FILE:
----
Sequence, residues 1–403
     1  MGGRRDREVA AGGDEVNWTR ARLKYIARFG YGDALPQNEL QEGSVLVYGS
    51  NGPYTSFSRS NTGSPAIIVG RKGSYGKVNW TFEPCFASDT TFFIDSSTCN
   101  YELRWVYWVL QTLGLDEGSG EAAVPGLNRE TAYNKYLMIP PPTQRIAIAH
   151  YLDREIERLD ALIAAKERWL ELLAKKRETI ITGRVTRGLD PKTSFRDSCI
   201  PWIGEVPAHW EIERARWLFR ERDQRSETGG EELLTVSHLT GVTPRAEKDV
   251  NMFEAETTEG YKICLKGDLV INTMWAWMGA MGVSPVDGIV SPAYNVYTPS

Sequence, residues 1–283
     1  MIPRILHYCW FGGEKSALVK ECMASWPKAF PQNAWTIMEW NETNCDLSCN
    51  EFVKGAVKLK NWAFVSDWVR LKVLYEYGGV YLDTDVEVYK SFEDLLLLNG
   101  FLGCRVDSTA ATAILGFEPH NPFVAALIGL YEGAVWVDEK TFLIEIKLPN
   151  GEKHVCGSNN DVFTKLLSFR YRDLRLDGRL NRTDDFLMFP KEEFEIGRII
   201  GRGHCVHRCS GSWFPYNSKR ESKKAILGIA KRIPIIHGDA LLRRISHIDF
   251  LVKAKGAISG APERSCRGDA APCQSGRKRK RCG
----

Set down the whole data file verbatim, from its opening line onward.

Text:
Sequence, residues 1–403
     1  MGGRRDREVA AGGDEVNWTR ARLKYIARFG YGDALPQNEL QEGSVLVYGS
    51  NGPYTSFSRS NTGSPAIIVG RKGSYGKVNW TFEPCFASDT TFFIDSSTCN
   101  YELRWVYWVL QTLGLDEGSG EAAVPGLNRE TAYNKYLMIP PPTQRIAIAH
   151  YLDREIERLD ALIAAKERWL ELLAKKRETI ITGRVTRGLD PKTSFRDSCI
   201  PWIGEVPAHW EIERARWLFR ERDQRSETGG EELLTVSHLT GVTPRAEKDV
   251  NMFEAETTEG YKICLKGDLV INTMWAWMGA MGVSPVDGIV SPAYNVYTPS

Sequence, residues 1–283
     1  MIPRILHYCW FGGEKSALVK ECMASWPKAF PQNAWTIMEW NETNCDLSCN
    51  EFVKGAVKLK NWAFVSDWVR LKVLYEYGGV YLDTDVEVYK SFEDLLLLNG
   101  FLGCRVDSTA ATAILGFEPH NPFVAALIGL YEGAVWVDEK TFLIEIKLPN
   151  GEKHVCGSNN DVFTKLLSFR YRDLRLDGRL NRTDDFLMFP KEEFEIGRII
   201  GRGHCVHRCS GSWFPYNSKR ESKKAILGIA KRIPIIHGDA LLRRISHIDF
   251  LVKAKGAISG APERSCRGDA APCQSGRKRK RCG